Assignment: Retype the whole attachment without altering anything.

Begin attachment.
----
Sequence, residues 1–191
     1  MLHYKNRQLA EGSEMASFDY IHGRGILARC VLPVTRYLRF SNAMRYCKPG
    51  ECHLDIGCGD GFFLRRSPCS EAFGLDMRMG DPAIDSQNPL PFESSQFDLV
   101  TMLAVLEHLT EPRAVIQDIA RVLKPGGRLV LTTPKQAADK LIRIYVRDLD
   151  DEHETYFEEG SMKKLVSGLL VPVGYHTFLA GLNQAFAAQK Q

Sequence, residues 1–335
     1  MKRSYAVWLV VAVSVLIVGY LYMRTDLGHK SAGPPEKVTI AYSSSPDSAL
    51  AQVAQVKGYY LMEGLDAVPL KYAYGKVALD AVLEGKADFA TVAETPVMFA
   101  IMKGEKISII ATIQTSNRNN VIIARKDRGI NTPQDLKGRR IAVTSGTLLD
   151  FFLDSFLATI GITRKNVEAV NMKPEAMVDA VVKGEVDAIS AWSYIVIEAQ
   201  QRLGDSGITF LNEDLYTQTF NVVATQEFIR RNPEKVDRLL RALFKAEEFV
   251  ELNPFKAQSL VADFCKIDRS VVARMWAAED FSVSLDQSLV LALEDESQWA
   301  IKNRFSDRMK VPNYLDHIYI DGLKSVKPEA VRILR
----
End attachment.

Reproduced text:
Sequence, residues 1–191
     1  MLHYKNRQLA EGSEMASFDY IHGRGILARC VLPVTRYLRF SNAMRYCKPG
    51  ECHLDIGCGD GFFLRRSPCS EAFGLDMRMG DPAIDSQNPL PFESSQFDLV
   101  TMLAVLEHLT EPRAVIQDIA RVLKPGGRLV LTTPKQAADK LIRIYVRDLD
   151  DEHETYFEEG SMKKLVSGLL VPVGYHTFLA GLNQAFAAQK Q

Sequence, residues 1–335
     1  MKRSYAVWLV VAVSVLIVGY LYMRTDLGHK SAGPPEKVTI AYSSSPDSAL
    51  AQVAQVKGYY LMEGLDAVPL KYAYGKVALD AVLEGKADFA TVAETPVMFA
   101  IMKGEKISII ATIQTSNRNN VIIARKDRGI NTPQDLKGRR IAVTSGTLLD
   151  FFLDSFLATI GITRKNVEAV NMKPEAMVDA VVKGEVDAIS AWSYIVIEAQ
   201  QRLGDSGITF LNEDLYTQTF NVVATQEFIR RNPEKVDRLL RALFKAEEFV
   251  ELNPFKAQSL VADFCKIDRS VVARMWAAED FSVSLDQSLV LALEDESQWA
   301  IKNRFSDRMK VPNYLDHIYI DGLKSVKPEA VRILR